Monday, September 24, 2007

The Humidity Factor

On my previous post I had a comment from Pam/Digging, an avid gardener in Austin, Texas, about humidity as a factor in plant selection. How right you are Pam! Folks in our area often crave plants that really need a higher humidity level than we have. Things like Japanese maple, true holly (Ilex), or Rhododendron. Sure, they’re sold at some of the local nurseries usually with the recommendation to plant them in a “protected” location. That’s a euphemism for “needs more humidity than we have here so keep it out of the wind and sun and give it lots of water.” And yes, I’ve seen these plants growing successfully in some gardens---usually those in very well established neighborhoods that have a lot of trees and shrubs to create a cooler, more humid microclimate. But most of us need to focus on the macroclimate and select plants based on those realities first.

Another note on humidity: if you are planning to add any broadleaf evergreens---even the well adapted types--- such as Mahonia, Euonymus, Arctostaphylos, etc to your landscape, you might consider waiting until spring. Our dry, windy winters are really tough on newly planted evergreens. Another option is to plan to treat them with an anti- desiccant, such as Wilt-Proof, and provide regular waterings through the winter.

I took this photo yesterday; I was surprised to see this Datura in bloom, as I hadn’t even noticed that it had sprung up!

Thursday, September 20, 2007

Sometimes it's All About the Seeds

This feather-duster seed head is the star attribute of Apache plume (Fallugia paradoxa), a native shrub of the southwest uplands. This shrub is great in sunny, xeric landscapes as a background plant or screen; although it has a fine texture, it is quite dense, and gets about 5’x5’ in size. Most people either love it or hate it---I’m in the former camp.

Today’s Denver Post had a great article about the National Seed Storage Laboratory on the CSU campus in Fort Collins. From time to time I read thoughtful blog postings like this one that stress the need for seed diversity and conservation. The Post article explains how that can- and is- being done on an international level.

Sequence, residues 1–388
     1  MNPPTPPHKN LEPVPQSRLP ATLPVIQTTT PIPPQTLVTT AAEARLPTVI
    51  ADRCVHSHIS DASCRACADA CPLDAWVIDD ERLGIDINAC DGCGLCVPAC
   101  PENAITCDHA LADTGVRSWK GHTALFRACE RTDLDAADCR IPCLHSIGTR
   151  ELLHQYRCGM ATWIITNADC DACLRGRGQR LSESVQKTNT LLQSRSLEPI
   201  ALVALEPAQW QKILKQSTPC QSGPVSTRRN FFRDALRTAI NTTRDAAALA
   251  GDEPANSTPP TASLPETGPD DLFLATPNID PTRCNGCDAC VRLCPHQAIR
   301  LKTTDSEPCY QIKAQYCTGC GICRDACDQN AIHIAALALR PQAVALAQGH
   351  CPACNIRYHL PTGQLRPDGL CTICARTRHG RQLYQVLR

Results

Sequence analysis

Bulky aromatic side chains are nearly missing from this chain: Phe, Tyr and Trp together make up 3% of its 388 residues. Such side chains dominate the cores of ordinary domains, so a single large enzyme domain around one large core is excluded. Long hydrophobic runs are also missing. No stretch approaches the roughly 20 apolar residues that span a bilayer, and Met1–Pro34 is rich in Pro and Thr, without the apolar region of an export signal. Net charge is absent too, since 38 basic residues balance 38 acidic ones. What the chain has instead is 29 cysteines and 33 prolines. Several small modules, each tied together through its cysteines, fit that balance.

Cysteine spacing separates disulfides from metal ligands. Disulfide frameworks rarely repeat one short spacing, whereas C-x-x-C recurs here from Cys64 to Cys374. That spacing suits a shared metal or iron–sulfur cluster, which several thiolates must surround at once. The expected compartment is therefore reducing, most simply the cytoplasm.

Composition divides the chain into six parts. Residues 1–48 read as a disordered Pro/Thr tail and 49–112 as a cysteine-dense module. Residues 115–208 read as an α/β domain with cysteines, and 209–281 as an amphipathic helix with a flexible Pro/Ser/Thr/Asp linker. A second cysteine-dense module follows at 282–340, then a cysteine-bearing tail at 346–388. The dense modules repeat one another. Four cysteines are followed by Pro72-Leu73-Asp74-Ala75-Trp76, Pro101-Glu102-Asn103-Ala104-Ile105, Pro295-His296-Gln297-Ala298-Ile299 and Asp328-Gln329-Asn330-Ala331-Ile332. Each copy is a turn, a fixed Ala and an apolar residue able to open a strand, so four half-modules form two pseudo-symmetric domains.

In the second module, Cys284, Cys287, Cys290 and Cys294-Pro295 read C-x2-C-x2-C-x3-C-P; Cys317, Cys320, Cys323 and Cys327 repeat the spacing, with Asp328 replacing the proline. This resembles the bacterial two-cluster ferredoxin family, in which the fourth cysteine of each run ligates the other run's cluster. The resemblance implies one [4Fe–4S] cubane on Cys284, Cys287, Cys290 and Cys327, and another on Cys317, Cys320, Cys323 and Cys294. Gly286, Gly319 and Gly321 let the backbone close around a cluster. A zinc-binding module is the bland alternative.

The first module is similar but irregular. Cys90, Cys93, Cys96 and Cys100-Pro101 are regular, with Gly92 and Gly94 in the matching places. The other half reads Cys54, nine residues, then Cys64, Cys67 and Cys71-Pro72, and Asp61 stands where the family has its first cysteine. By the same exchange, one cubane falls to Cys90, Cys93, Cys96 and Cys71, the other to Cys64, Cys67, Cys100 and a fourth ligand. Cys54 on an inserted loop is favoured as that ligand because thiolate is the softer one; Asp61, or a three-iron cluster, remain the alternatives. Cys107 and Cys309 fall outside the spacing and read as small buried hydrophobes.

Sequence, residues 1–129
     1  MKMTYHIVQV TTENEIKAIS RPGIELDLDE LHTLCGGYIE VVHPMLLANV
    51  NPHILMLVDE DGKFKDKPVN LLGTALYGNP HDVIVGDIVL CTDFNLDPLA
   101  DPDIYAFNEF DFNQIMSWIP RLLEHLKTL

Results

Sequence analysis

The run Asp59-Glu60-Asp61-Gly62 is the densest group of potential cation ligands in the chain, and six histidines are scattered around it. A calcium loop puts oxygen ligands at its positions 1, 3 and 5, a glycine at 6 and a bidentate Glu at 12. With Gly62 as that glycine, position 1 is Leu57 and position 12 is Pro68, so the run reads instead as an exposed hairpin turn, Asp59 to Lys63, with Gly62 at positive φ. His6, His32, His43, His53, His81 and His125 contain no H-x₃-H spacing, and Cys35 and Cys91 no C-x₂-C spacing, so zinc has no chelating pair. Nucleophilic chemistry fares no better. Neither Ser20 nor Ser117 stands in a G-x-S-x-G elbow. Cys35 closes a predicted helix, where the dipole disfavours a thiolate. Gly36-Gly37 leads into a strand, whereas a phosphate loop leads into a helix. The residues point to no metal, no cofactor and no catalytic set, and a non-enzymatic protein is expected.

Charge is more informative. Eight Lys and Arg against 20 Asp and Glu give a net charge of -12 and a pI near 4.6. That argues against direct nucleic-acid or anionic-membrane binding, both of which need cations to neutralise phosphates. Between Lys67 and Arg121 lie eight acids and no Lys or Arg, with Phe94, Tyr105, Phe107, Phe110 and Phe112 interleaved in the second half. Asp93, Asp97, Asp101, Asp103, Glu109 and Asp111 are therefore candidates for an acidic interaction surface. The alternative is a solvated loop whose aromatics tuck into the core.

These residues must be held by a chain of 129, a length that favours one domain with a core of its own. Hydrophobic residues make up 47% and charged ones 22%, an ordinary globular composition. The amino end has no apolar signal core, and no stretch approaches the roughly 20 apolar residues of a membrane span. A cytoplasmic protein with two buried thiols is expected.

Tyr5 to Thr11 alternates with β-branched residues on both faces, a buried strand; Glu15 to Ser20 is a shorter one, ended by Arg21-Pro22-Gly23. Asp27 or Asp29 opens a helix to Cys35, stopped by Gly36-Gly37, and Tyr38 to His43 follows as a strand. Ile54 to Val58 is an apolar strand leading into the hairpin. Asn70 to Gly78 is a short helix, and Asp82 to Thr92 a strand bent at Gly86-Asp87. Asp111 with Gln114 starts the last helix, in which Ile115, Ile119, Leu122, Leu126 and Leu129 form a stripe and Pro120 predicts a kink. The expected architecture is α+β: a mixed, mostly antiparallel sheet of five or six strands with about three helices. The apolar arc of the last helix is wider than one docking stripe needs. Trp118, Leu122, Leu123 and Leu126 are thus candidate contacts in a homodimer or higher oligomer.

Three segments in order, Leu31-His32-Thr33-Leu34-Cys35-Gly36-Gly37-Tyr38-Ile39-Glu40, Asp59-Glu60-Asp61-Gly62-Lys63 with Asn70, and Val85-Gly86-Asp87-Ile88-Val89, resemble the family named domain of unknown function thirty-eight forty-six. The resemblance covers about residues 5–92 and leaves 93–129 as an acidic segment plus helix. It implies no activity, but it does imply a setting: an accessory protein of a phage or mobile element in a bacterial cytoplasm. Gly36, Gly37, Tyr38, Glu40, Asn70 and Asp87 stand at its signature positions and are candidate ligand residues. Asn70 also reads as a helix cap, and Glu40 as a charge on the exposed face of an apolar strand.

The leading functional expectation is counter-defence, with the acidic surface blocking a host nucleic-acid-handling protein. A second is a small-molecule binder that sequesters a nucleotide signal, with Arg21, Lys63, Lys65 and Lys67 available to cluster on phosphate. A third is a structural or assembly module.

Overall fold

Are you a seed saver?

Tuesday, September 18, 2007


This is how soil is made; Plants and other forces of nature breaking down rocks into tiny particles. Several Palace Purple coralbells (Heuchera micrantha ‘Palace Purple’) were planted at the base of this rock about 15 years ago. Within just a few years we noticed a seedling peeking out from this crack. Each year this “seedling” gets just a bit bigger and, in fact, we now have another sprout on top of the boulder! Interestingly, there have never been any seeds germinate in the soil around the mother plant…

I’ve been thinking a lot about soils lately; because that is the chapter I’m working on for my book right now. It’s a huge, complex topic that I need to distill and simplify in a concise and logical way. So tell me, what is the best advise regarding soil that you’ve been given? Any real “a-ha!!” moments?

Wednesday, September 12, 2007

Meet. . . Solidago!

Solidago, also know as goldenrod, is a reliable late summer bloomer with vibrant yellow flowers. There are a number of varieties available on the market today varying in height from 2’-6’ tall. My favorite, by far, is the ‘Fireworks’ cultivar of Solidago rugosa. The flower form, indeed, looks like an exploding firecracker! It has a delicate texture that is a great contrast to the more stalwart asters, sunflowers, and plumbago that are also in bloom now. Most Solidago prefer a compost enriched soil, moderate moisture, and full sun.

My Fireworks goldenrod is shown here with an ornamental sage.

Monday, September 10, 2007


This has been an amazing year for fruit production! Everywhere I look I see tree boughs bent with the weight of beautiful plums, apples, pears and peaches.

Tuesday, September 04, 2007

Bedding Plants

The idea of using annuals to fill an entire planting bed is alive and well in the Denver parks system. As you drive along city boulevards or stroll through almost any city park you’ll see massive displays of color in beautiful (and free!) public gardens. The city has its own greenhouses and plans and grows thousands of flowers, grasses and beautiful foliage plants (coleus, kale, abutilon, etc) each spring. Most often they do a great job of combining plants that will have an impact on a massive scale. I enjoy visiting Washington Park, in particular, to check out the gardens. A lot of attention obviously goes into selecting “the best” plant combinations, but they don’t always work; I learn a lot from critiquing both.

Wherever you live, I hope you can take advantage of these last few weeks of summer and visit your local public gardens.

Here are some views of Washington Park from September 1, 2007.

Saturday, September 01, 2007

Welcome Tim!

Our lovely daughter, Erin, was recently married! Our new son-in-law, Tim, was Erin’s traveling companion on her trip to Chengdu, China, earlier this year. They survived an assortment of (NOW funny) challenges and adventures during their journey to the other side of the world. It seemed a good omen, so now they’ve embarked on a life-long journey of another sort. Tim’s love of creative writing, traditional Chinese medicine, and RPGs will bring “hybrid vigor” (as we plant people say) to our gardening, visual arts, college football loving clan. Yea!